marks omitted) (quoting In re Gosteli, 872 F.2d 1008,
1012 (Fed. Cir. 1989)).
[W]hatever the specific articulation, the test requires
an objective inquiry into the four corners of
the specification from the perspective of a person
of ordinary skill in the art. Based on that inquiry,
the specification must describe an invention understandable
to that skilled artisan and show that
the inventor actually invented the invention
Ariad Pharm., Inc. v. Eli Lilly & Co., 598 F.3d 1336, 1351
(Fed. Cir. 2010) (en banc).

As to negative limitations:

In particular, “[n]egative claim limitations are adequately
supported when the specification describes a
reason to exclude the relevant limitation.” Santarus, 694
F.3d at 1351.
When viewed in its proper context, Santarus simply
reflects the fact that the specification need only satisfy
the requirements of § 112, paragraph 1 as described in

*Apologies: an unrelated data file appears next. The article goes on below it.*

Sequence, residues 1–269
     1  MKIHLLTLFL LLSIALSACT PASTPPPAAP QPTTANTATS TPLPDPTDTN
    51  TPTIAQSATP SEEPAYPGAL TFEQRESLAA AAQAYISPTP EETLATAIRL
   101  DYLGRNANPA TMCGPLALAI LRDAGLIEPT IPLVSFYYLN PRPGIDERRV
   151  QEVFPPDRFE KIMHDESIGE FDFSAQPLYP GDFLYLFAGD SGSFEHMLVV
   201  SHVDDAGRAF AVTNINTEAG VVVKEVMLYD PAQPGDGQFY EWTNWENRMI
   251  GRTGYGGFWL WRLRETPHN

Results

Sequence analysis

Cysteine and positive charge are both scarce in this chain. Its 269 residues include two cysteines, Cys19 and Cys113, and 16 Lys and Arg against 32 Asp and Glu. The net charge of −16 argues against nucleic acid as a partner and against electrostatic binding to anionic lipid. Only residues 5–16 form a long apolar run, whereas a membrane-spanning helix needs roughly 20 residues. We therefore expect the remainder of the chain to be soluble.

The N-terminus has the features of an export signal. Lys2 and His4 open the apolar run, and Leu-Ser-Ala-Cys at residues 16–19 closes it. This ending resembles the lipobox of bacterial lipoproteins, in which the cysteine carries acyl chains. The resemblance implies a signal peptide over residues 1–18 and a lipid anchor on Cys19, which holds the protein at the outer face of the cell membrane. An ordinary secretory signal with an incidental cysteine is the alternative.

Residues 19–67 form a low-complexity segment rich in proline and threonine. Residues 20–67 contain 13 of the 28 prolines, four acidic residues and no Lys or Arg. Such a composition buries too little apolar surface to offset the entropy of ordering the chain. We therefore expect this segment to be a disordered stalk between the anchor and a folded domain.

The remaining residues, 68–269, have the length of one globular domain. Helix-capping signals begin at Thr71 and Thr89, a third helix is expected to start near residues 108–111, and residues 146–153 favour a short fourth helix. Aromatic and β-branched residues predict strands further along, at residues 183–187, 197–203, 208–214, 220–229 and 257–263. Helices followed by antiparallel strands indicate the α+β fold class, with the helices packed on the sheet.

this court’s existing jurisprudence, including through
compliance with MPEP § 2173.05(i) (“If alternative elements
are positively recited in the specification, they may
be explicitly excluded in the claims.”) and In re Johnson,
558 F.2d at 1018 (“It is for the inventor to decide what
bounds of protection he will seek.”).


Re-hearing en banc granted to The Medicines Company in Hospira case

As to The Medicines Company v. Hospira

Plaintiff-Appellant The Medicines Company filed a
combined petition for panel rehearing and rehearing en
banc. The petition was considered by the panel that
heard the appeal and thereafter referred to the circuit
judges who are in regular active service. A response was
invited by the court and filed by Defendant-CrossAppellant
Hospira, Inc. A poll was requested and taken,
and the court decided that the appeal warrants en banc
Upon consideration thereof,
(1) The petition for rehearing en banc of PlaintiffAppellant
The Medicines Company is granted.
(2) The court’s opinion of July 2, 2015, is vacated, and
the appeal is reinstated.
(3) The parties are requested to file new briefs. The
briefs should address the following issues:
(a) Do the circumstances presented here constitute
a commercial sale under the on-sale bar of 35
U.S.C. § 102(b)?
(i) Was there a sale for the purposes of § 102(b)